Hungary’s inflation showed a decline after accelerating for eight months, and was lower than the consensus expectation of analysts. At the same time, the Central Statistical Office revised third-quarter GDP data, and the industrial output in October that exceeded expectations will surely contribute to an even better growth figure for 2018.
Changes in fuel prices can be detected behind the slowing inflation rate in November. According to the latest data from the Central Statistical Office (KSH), the consumer price index in November dropped 0.7 of a percentage point from a five-and-a-half year high in October.
Inflation fell back to 3.1% in November from a nearly six-year high of 3.8% in October, thus approaching the midpoint of the Central Bank’s target range of 3%, plus or minus one percentage point. Annual average inflation remained stable at a five-year high of 2.8% in November.
Data shows that November’s decline was mainly driven by lower prices for services and motor fuels. Core consumer prices, which exclude volatile items such as fresh food and fuel, grew 0.1% from the previous month in November, down from October’s 0.5% increase. Lastly, core inflation remained stable at October’s 2.6% in November.
According to Péter Virovácz, head analyst at ING Bank, the drop in the inflation rate can solely be attributed to the changes in fuel prices. At the same time, the price of food stuffs continued to rise, and this, paired with a more than 6% increase in the price of tobacco products keep the inflation rate steadily above 3%, the analyst pointed out.
The National Bank of Hungary will translate the fresh data as supporting the maintenance of the loose monetary policy; however, ING Bank analysts say that inflation pressure is likely to build up and will force the central bank to act in 2019. According to an ING Bank forecast, inflation will be at around 3% for the full 12 months this year and rise to 3.4% in 2019.
Takarékbank analyst Gergely Suppan also believes that fuel prices were the main attributors to the decelerating inflation. Real inflation pressure is low, which is reflected in the core inflation figure, which remained the same as in October. Takarékbank foresees an annual inflation rate of 2.9% for this year.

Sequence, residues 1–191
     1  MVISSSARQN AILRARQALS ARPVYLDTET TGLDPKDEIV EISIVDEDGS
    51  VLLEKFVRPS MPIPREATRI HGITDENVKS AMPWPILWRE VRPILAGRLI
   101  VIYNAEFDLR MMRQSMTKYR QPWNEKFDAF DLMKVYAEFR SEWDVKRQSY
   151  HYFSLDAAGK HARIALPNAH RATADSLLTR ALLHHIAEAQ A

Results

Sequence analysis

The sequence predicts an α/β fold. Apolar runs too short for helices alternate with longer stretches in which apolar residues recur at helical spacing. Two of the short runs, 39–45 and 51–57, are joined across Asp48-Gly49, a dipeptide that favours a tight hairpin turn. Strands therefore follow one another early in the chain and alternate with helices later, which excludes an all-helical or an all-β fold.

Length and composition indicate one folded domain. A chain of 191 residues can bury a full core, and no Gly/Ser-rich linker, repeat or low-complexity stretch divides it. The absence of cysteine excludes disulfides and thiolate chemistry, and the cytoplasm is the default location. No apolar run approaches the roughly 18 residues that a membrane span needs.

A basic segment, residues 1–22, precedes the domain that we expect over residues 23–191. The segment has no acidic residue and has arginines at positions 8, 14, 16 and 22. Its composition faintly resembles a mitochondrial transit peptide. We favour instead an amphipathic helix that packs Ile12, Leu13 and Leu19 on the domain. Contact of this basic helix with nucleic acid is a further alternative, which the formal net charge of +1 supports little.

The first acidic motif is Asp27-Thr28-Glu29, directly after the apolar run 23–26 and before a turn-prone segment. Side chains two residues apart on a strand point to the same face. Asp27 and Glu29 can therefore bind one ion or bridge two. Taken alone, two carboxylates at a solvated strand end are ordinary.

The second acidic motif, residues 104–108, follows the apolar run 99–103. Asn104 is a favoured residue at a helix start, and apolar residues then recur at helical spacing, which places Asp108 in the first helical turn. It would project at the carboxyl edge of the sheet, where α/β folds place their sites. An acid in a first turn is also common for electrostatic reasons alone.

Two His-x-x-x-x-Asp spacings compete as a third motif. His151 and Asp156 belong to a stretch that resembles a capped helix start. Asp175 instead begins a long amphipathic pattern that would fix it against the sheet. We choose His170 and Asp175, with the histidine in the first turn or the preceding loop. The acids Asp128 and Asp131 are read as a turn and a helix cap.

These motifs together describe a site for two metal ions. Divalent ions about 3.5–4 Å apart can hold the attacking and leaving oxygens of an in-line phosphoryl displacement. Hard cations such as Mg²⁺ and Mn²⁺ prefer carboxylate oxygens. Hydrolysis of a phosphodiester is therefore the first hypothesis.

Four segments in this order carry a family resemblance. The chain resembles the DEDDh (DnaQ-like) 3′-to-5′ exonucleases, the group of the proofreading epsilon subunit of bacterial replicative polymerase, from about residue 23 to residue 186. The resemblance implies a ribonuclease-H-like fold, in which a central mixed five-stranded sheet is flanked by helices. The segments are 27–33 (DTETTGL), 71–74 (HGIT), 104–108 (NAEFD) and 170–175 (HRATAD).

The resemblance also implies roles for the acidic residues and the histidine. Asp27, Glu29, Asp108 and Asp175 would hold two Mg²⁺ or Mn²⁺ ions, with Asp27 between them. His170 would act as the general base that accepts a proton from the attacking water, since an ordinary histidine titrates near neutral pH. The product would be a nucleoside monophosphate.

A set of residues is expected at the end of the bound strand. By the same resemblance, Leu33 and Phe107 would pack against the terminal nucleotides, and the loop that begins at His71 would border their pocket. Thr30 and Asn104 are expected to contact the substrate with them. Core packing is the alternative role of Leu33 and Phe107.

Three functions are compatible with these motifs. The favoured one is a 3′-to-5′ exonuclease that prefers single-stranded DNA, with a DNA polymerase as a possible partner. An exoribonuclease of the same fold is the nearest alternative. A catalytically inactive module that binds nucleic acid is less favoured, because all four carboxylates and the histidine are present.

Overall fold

Erste Bank analyst Orsolya Nyeste said that the central bank can still maintain its dovish policy. She predicts an annual inflation rate of 2.9% for this year, and a similar figure for the next.
The past weeks have also seen the release of the second estimate of Q3 GDP data, which showed that the robust growth continued in the third quarter of the year. Revised data even shows an increase compared to the first estimate: the Hungarian economy, boosted by strong consumer spending, expanded by 4.9% on an annual basis. The first estimate, released a month ago, put it at 4.8%.
The GDP figure marked the fastest expansion since the fourth quarter of 2005, long before the financial crisis hit. The main driver of the growth was, again, domestic demand, which accelerated from 5% annual growth in Q2 to 7.2%. Private consumption expanded by a strong 4.7% in Q3, marginally below Q2’s 4.8% rise. Consumer spending was buttressed by strong wage growth and an extremely tight labor market.
There was a remarkable 20% year-on-year jump in capital spending in Q3, up from 15% in Q2. This was boosted by strong absorption of EU funds, improving business confidence, and the continuing boom in the real estate market. The most notable increases were seen in construction, and machinery and equipment. In the meantime, government spending slowed somewhat in Q3, growing by only 0.1% on a year-on-year basis, down from a 0.6% increase in Q2.
Both local and international analysts agree that the growth of the Hungarian economy will slow down from next year, but will still remain healthy. Deceleration is likely to be led by a slowing absorption of EU funds, and consumer spending will also likely to fall back a little from the current heights, as wage growth gradually declines in the coming years.
As for this year, however, the October performance of the industry gives ground to heated expectations, and contributed much to the fourth quarter GDP and thus to full year’s data.
In October 2018, the volume of industrial output in Hungary grew by 5.9% year-on-year. Based on working day-adjusted data, production rose by 3.3%, according to a first estimate of monthly data from the KSH. Industrial output in October – according to seasonally and working-day-adjusted indices – was 2% above the level of the previous month.
The expansion of the electronics industry was particularly significant in October, but output growth in automotive manufacturing, as one of the key drivers of Hungarian industry, remained behind the overall average growth. The good news, however, was that it managed to turn positive again after three months of decline. Analysts unanimously said the October data well exceeded expectations after the 0.6% decline in output in September. They put industrial performance growth for the full year at between 3.5% and 4% on a year-on-year basis.
The yearend will not bring much excitement in the macroeconomic calendar. On December 14, the KSH will publish data on how the construction sector performed in October. Four days later, the second estimates of October retail trade data will be released, followed by earning regarding the January-October period, on December 20.